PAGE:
Myanmar democracy icon Aung San Suu Kyi has been elected to the country’s parliament in landmark by-elections, according to her National League for Democracy (NLD).
The country’s opposition party claimed a historic victory on Sunday for Suu Kyi in her bid for a seat in parliament, with NLD announcing that the Nobel laureate had won a parliamentary seat for the first time.
Suu Kyi won an estimated 99 per cent of the votes in Kawhmu constituency, according to NLD official Soe Win, based on the party’s own tally. There was no independent confirmation and official results were expected within a week.
Thousands of people clapped and cheered outside NLD headquarters in Yangon after the party announced the iconic leader’s victory.
Some people wept with joy at the news outside the party’s headquarters in Yangon.
The charismatic leader did not address the crowd but issued a statement asking supporters to respect the other parties.
“It is natural that the NLD members and their supporters are joyous at this point,” Suu Kyi said.
“However, it is necessary to avoid manners and actions that will make the other parties and members upset. It is very important that NLD members take special care that the success of the people is a dignified one.”
This marks a stunning turnaround for Suu Kyi, who was a political prisoner, jailed by the military-led government for most of the past 22 years.
The NLD also said it has won all the 44 seats it contested in Sunday’s elections.
|MYANMAR’S POLITICAL PARTIES|
Suu Kyi’s win is “hugely symbolic,” said Al Jazeera’s Wayne Hay, reporting from Yangon.
“And while she will have little power, the mere fact that she is there means there will be a lot more international attention on parliament itself and the decisions that it makes.”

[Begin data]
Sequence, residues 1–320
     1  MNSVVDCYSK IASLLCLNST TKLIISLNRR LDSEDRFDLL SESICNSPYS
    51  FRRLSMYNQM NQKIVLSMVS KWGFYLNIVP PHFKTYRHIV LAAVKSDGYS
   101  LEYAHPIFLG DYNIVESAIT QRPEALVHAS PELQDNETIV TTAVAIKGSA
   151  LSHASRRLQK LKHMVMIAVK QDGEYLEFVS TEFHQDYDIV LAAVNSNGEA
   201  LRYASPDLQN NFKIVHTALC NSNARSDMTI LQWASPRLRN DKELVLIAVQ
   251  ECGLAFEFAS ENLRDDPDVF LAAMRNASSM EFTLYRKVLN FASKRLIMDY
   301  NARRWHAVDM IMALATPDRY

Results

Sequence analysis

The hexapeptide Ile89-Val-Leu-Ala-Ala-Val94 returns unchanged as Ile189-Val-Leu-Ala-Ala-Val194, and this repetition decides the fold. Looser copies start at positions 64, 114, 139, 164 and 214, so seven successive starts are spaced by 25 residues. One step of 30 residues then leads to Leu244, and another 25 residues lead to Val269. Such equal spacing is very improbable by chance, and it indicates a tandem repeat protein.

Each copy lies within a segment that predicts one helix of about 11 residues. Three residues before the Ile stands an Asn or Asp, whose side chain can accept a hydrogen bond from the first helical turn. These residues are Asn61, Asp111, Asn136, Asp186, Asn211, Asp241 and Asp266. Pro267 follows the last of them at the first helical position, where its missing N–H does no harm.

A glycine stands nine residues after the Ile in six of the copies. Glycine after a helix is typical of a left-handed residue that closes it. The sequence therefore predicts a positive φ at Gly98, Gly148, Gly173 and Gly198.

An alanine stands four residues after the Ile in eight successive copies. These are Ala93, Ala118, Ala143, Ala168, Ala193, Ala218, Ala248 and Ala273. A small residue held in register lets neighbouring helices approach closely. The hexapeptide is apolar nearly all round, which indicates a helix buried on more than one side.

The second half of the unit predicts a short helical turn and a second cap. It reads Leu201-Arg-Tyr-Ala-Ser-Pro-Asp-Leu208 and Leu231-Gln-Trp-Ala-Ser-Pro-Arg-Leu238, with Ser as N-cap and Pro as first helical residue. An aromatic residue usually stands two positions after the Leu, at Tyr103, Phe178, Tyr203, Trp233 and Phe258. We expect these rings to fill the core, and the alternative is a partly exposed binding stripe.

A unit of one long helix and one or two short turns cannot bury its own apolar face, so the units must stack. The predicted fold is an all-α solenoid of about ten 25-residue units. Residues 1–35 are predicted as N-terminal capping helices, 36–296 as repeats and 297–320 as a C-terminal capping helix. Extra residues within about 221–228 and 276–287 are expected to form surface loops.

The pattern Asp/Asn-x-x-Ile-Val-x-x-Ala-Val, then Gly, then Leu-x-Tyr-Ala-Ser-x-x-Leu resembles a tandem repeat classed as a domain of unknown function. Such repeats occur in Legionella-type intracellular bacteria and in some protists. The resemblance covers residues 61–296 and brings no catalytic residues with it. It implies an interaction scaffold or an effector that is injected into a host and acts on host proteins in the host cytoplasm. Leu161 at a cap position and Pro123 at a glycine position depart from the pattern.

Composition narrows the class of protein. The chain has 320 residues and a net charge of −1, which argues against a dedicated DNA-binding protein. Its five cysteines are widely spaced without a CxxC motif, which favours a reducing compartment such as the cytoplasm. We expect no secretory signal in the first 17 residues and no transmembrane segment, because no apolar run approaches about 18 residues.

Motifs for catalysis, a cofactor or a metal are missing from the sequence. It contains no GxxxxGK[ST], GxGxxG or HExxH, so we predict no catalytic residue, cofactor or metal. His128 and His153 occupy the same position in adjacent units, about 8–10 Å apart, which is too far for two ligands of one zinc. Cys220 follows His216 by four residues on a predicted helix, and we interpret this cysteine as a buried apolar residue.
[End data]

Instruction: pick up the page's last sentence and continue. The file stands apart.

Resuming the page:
Our correspondet said that the success of these elections might mean bigger gains for the opposition in the upcoming 2015 general elections.
“Still, there is this nagging problem that a quarter of all seats in parliament must go to the military – that is written into the constitution,” said Hay, adding the Suu Kyi has been very open about wanting to change that provision.
Sunday’s vote is seen as a key test of the government’s commitment to recent democratic reforms.
More than six million people were eligible to vote on Sunday, with a total of 160 candidates from 17 parties, including six new to the political stage, contesting for 45 parliamentary seats.
The number of seats at stake is not enough to threaten the military-backed ruling party’s overwhelming majority, secured in full elections in 2010.
Suu Kyi’s apparent victory had been widely expected, despite complaints by the NLD over alleged voting irregularities and campaign intimidation.
She said she did not regret standing for parliament because the polls had boosted people’s interest in politics after decades of outright military rule ended last year.
The government for the first time invited teams of foreign observers from the Association of Southeast Asian Nations, European Union and the US, and journalists to witness the elections.
Since taking office a year ago, President Thein Sein has carried out reforms including releasing hundreds of political prisoners, easing media restrictions and welcoming the opposition back into mainstream politics.
The NLD won a landslide election victory in 1990 but the ruling military never allowed it to take office. The party also boycotted the 2010 polls that swept the army’s political proxies to power and were marred by complaints of cheating and intimidation.
Suu Kyi described the vote as “a step towards step one in democracy”, despite complaining on Friday that the polls were not “genuinely free and fair”.